Licensing of oil and gas exploration in UK waters has been cut back by the UK government in its bid to ensure protection of marine wildlife.
The 26th round of offshore licensing, since it began in the 1960s, was announced on Wednesday.
They include 22 licences for deep water drilling across 64 sea blocks, in depths of more than 500 metres to the north and west of Shetland.
In recent months, these have been opposed by environment campaigners.
The total number of licences granted in the latest round has been cut by more than a quarter to 144, with fewer companies involved than the 25th round. These cover more than 300 blocks of sea area.
Some 45 other licences, covering 99 blocks, have been withheld while further work is carried out on potential damage to marine wildlife and eco-systems.
Tests are to be carried out on the potential impact of oil spills, digging pipeline trenches and underwater noise, in particular seismic tests.
The areas affected include an area of sea off the north coast of Norfolk and in the Thames Estuary, plus Liverpool Bay.
European conservation regulations require special status protection of sea areas north of the Isle of Lewis, west of Mull, west of the Scilly Isles, on sandbanks off East Anglia, and with consideration of that protection being extended to a large area of the Dogger Bank, east of the Humber.
The UK government claimed the latest licensing round shows interest in offshore oil and gas drilling remains vibrant.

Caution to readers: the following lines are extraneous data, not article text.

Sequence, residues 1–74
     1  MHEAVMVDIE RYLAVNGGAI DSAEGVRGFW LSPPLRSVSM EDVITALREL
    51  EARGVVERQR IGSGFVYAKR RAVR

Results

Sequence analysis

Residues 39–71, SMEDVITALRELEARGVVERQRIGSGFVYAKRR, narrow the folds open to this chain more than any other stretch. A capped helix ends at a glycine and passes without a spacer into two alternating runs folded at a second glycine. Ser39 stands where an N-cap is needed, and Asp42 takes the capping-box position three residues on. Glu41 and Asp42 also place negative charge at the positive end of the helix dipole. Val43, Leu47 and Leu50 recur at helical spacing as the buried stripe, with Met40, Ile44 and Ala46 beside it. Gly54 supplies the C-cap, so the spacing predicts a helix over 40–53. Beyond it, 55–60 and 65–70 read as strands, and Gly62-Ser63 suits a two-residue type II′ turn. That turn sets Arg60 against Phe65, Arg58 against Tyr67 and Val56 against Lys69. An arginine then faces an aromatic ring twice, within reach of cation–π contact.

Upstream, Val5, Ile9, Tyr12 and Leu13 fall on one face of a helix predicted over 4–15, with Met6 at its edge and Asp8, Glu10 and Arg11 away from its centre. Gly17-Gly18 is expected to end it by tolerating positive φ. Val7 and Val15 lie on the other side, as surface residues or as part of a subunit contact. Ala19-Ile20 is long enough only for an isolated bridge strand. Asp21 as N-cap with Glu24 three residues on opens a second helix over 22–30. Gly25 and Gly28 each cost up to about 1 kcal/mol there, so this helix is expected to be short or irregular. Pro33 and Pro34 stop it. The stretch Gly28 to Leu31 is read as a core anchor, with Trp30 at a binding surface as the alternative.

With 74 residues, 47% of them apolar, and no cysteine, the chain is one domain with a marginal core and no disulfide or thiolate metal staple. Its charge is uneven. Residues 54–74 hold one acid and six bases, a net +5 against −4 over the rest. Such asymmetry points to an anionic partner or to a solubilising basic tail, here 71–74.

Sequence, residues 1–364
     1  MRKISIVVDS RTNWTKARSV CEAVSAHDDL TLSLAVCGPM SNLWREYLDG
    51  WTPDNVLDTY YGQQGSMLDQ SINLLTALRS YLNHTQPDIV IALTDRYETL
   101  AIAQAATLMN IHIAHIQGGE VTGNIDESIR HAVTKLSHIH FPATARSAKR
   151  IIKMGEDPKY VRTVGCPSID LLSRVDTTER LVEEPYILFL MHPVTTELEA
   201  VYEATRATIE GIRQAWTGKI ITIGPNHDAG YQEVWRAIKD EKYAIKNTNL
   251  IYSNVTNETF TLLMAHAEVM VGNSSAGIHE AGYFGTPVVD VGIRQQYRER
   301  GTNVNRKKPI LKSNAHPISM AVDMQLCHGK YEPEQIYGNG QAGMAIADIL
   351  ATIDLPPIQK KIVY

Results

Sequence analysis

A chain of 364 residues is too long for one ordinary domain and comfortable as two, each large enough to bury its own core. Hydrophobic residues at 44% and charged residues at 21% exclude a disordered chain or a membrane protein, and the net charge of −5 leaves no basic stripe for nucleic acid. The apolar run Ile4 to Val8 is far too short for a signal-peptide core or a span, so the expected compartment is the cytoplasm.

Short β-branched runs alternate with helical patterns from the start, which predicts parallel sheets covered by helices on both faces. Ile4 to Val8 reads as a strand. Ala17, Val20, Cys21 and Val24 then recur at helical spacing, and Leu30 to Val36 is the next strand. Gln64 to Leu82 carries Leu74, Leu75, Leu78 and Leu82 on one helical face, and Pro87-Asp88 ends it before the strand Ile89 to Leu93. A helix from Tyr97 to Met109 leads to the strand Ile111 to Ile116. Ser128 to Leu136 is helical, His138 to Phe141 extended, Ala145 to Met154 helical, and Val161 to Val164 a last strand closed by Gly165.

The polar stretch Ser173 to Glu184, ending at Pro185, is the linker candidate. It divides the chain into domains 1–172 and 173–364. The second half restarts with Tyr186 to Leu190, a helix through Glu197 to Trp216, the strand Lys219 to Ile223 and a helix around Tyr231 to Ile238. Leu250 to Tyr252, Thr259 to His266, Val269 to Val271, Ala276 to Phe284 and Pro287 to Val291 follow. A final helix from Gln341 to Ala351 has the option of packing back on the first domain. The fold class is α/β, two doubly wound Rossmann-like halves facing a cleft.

Energy Minister Charles Hendry said: "It's encouraging to see the healthy level of interest there is from industry to make the most of the UK's still substantial resources of oil and gas.
"Whilst in the long-term, we want to decarbonise our energy system, we have moved swiftly to offer these licences as we must realise the optimum value from the UK's energy resources and ensure secure energy supplies.
"We remain absolutely vigilant and determined to ensure that exploration in our waters is done safely and with minimal impact to the environment."
Malcolm Webb, chief executive of industry body Oil and Gas UK, said the commitment to new drilling licences was very welcome.
But he added: "We note with concern that a further 99 blocks have been held back, awaiting the results of environmental assessments being carried out by the Department of Energy and Climate Change (DECC).
"We would urge the government to conclude this process as quickly as possible to allow prospective licensees to move ahead swiftly with investment in new exploration activity.
"The industry takes its environmental responsibilities very seriously."
"Oil & Gas UK stresses its commitment to working closely with the government and other agencies to ensure that our exploration and production activities are carried out with maximum attention to ensuring safety and the protection of the environment".